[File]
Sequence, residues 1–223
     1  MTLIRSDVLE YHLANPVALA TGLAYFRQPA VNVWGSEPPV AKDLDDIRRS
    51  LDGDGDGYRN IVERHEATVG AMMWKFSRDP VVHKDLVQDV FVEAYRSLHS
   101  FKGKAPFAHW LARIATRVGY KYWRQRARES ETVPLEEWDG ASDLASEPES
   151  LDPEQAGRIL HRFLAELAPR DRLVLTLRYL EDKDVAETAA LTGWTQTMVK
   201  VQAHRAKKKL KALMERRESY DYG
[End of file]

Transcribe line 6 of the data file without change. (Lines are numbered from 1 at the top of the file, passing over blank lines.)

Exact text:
   201  VQAHRAKKKL KALMERRESY DYG